Gatarayiha presented the diplomatic, service and ordinary
e-passports to the first users shortly after the press
EAC heads of state launched the East Africa
e-passport and directed the commencement of its issuance during
the 17th ordinary summit of the EAC heads of state in March 2016
in Arusha, Tanzania.
Rwanda economy to see fast
growth in next three years: World Bank
KIGALI Rwanda (Xinhua) --
Rwanda’s economic growth is expected to be
in the range of 7.6 to 8 percent annually between 2019 to 2021,
the World Bank said in a medium-term economic outlook report
released on Tuesday, in Rwandan capital city Kigali.
"Supported by conducive macroeconomic policies, Rwanda
continues to enjoy a strong economic momentum characterized by
high growth and low inflation," Aghassi Mkrtchyan, senior
economist at the World Bank said in a statement on the report.
"While public investments will continue to support the growth
over the medium-term, Rwanda needs to strengthen its private
sector to stay on a high growth trajectory in the long-run,"
Public sector-led investments will be central to maintain the
projected outlook while the fiscal deficit will remain elevated
over the medium term to accommodate higher public investment,
said the report.
With inflation low, monetary policy is expected to remain
accommodative and support recovery in bank lending while a
flexible exchange rate will help to build external buffers and
will facilitate export growth, it said.
However, the report said Rwanda’s economic outlook is
vulnerable to both domestic and external risks.
Domestically, the main risks are weather-related, such as
droughts and floods that may depress agricultural production, it
Scaling up of public-sector-led investments is a challenge as
well as an opportunity, and that could jeopardize debt
sustainability if Rwanda’s investments-growth nexus does not
improve, the World Bank warned.
The main external risks are related to a more severe slowdown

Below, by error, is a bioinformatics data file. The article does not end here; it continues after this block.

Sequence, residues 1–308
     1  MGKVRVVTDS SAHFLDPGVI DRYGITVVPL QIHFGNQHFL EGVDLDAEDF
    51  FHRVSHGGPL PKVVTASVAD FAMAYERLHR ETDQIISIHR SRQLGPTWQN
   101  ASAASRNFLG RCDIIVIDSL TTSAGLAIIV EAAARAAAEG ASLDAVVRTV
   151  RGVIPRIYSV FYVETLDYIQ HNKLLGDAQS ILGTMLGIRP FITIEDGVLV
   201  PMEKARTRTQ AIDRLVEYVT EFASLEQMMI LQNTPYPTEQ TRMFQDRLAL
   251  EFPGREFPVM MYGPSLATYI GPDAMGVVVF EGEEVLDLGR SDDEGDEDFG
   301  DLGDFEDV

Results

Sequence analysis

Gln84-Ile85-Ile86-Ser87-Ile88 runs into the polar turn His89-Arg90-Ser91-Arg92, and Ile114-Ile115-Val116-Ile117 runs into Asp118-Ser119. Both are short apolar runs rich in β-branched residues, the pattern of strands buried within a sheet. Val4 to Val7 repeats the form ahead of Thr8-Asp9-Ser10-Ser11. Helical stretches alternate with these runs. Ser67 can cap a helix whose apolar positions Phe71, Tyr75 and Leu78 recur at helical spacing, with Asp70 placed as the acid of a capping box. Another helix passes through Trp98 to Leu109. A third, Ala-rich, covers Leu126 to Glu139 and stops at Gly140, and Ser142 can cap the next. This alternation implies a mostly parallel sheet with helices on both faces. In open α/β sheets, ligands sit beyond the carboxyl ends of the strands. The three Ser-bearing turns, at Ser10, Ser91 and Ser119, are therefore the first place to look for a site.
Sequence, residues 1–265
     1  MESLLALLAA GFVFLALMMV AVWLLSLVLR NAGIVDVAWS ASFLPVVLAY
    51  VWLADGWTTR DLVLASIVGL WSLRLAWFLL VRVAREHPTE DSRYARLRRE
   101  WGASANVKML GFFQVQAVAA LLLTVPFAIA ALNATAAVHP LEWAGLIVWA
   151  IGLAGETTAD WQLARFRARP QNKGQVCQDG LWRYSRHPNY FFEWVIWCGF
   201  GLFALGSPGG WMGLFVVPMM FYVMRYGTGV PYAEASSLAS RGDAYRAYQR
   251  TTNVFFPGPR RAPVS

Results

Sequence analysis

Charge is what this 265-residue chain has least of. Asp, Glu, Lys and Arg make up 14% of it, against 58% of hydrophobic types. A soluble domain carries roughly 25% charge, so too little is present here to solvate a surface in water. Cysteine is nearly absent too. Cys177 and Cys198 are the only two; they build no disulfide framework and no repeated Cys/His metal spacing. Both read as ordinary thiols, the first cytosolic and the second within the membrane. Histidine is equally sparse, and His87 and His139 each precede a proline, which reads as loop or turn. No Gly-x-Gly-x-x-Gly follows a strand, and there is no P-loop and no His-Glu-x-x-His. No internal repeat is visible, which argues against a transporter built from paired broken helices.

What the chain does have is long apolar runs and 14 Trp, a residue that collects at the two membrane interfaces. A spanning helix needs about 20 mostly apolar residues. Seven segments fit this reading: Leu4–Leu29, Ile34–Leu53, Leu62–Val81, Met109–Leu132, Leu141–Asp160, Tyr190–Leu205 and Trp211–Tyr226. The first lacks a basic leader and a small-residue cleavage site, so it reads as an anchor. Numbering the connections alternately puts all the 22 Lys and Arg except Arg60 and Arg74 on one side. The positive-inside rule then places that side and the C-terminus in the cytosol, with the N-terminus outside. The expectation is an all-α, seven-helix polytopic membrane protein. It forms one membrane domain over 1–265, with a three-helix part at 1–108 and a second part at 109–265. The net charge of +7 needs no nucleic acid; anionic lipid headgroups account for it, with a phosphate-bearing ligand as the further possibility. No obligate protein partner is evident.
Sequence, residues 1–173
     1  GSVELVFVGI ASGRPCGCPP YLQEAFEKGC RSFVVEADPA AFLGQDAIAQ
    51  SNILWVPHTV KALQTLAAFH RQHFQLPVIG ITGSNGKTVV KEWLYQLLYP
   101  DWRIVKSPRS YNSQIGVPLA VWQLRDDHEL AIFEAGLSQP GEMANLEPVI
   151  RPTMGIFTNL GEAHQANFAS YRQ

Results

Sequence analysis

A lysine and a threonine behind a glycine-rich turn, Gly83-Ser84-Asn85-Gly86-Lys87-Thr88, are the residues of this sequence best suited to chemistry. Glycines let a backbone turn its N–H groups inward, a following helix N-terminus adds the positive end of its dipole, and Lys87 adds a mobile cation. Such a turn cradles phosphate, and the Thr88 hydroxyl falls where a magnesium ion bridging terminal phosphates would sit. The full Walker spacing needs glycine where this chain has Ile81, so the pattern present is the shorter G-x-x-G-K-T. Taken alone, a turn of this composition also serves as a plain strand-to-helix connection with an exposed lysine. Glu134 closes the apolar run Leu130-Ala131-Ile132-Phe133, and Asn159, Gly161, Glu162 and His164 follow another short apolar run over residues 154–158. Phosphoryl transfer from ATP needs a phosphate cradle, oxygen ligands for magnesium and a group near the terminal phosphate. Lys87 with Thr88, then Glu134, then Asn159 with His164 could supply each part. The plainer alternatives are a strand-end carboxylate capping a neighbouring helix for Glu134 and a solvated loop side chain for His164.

in global economic growth than is currently projected that would
affect prices for the commodities Rwanda exports, according to
The report also said Rwanda’s economy expanded at 8.6 percent
The growth was broad-based with agriculture expanding by
almost 6 percent while industries, supported by construction and
manufacturing, grew by more than 10 percent, and the service
sector recorded 9 percent growth, it said.
ministers discuss strategies
to scale up digitalization of agriculture
KIGALI Rwanda (Xinhua) --
Africa’s agriculture ministers and
development partners on Tuesday started meeting in Kigali,
capital city of Rwanda, to discuss successful strategies for
scaling up digitalization of African agriculture.
Meeting under the Malabo Montpellier Forum, participants are
discussing the rising level of mobile technology adoption in
Africa in recent years, as well as African countries’ current
limitations and priorities for future action in agriculture.
The use of ICT in transforming agricultural sector is of
paramount importance, said Rwanda’s Prime Minister Edouard
Ngirente while opening the meeting, adding that ICT would allow
farmers and other agriculture sector stakeholders to access
efficiently accurate and timely information for the
decision-making in the sector.
African farmers need right skills and approaches to increase
their production, modernize agricultural extension services and
better manage risks, said Ngirente.
Africa’s agriculture sector accounts for around 32 percent of
the total GDP, he cited statistics as saying.
The forum examines progress on commitments under the Malabo
Declaration that was adopted during the 23rd ordinary session of
the African Union Assembly in 2014 in Malabo, Equatorial Guinea.
Under the declaration, African countries committed to
enhancing investment finance in agriculture, boosting
intra-African trade in agricultural commodities and services,
and ending hunger in Africa by 2025.
Rwanda makes strides in
rebuilding livestock sector: official
KIGALI Rwanda (Xinhua) --
Rwanda has made strides in rebuilding the
livestock sector since 1994, when an estimated 80 percent of the
cattle were decimated, Rwandan agriculture minister said
The cattle population that numbered 600,000 before 1994 was
reduced sharply to 172,000.
Thanks to government interventions such as the cattle
stocking program "one cow per family" the cattle population has
climbed to 1.3 million, said Geraldine Mukeshimana, Minister of
Agriculture and Animal Resources, at a meeting on cattle
breeding in Kigali, capital city of Rwanda.
Milk production in the central African country has
significantly increased from 50,000 tonnes in the year of 2 000
to 816,000 tonnes in 2018, said Mukeshimana.
She, however, said the current 106 milk collection centers
owned by farmer cooperatives are not enough to collect all the
milk produced in the countryside, which is a potential area for